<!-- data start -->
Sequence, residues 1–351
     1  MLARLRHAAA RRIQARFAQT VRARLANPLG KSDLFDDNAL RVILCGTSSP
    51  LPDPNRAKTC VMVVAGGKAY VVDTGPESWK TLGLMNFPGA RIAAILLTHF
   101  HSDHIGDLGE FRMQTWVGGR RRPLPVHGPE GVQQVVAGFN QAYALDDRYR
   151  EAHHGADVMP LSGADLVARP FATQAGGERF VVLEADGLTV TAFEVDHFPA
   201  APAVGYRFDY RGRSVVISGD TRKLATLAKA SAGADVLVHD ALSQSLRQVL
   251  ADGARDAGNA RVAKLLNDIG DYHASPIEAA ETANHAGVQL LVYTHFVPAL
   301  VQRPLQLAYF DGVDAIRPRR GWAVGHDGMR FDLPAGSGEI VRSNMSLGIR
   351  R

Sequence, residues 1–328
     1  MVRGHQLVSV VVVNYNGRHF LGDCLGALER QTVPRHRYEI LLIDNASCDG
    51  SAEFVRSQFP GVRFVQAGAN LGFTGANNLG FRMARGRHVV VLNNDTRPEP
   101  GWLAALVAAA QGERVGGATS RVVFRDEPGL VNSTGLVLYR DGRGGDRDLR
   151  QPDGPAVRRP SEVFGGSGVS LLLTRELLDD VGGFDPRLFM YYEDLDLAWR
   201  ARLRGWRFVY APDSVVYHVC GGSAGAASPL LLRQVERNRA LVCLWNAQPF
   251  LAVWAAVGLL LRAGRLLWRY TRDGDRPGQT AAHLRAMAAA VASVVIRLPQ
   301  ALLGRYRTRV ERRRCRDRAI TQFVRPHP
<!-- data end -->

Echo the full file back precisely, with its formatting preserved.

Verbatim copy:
Sequence, residues 1–351
     1  MLARLRHAAA RRIQARFAQT VRARLANPLG KSDLFDDNAL RVILCGTSSP
    51  LPDPNRAKTC VMVVAGGKAY VVDTGPESWK TLGLMNFPGA RIAAILLTHF
   101  HSDHIGDLGE FRMQTWVGGR RRPLPVHGPE GVQQVVAGFN QAYALDDRYR
   151  EAHHGADVMP LSGADLVARP FATQAGGERF VVLEADGLTV TAFEVDHFPA
   201  APAVGYRFDY RGRSVVISGD TRKLATLAKA SAGADVLVHD ALSQSLRQVL
   251  ADGARDAGNA RVAKLLNDIG DYHASPIEAA ETANHAGVQL LVYTHFVPAL
   301  VQRPLQLAYF DGVDAIRPRR GWAVGHDGMR FDLPAGSGEI VRSNMSLGIR
   351  R

Sequence, residues 1–328
     1  MVRGHQLVSV VVVNYNGRHF LGDCLGALER QTVPRHRYEI LLIDNASCDG
    51  SAEFVRSQFP GVRFVQAGAN LGFTGANNLG FRMARGRHVV VLNNDTRPEP
   101  GWLAALVAAA QGERVGGATS RVVFRDEPGL VNSTGLVLYR DGRGGDRDLR
   151  QPDGPAVRRP SEVFGGSGVS LLLTRELLDD VGGFDPRLFM YYEDLDLAWR
   201  ARLRGWRFVY APDSVVYHVC GGSAGAASPL LLRQVERNRA LVCLWNAQPF
   251  LAVWAAVGLL LRAGRLLWRY TRDGDRPGQT AAHLRAMAAA VASVVIRLPQ
   301  ALLGRYRTRV ERRRCRDRAI TQFVRPHP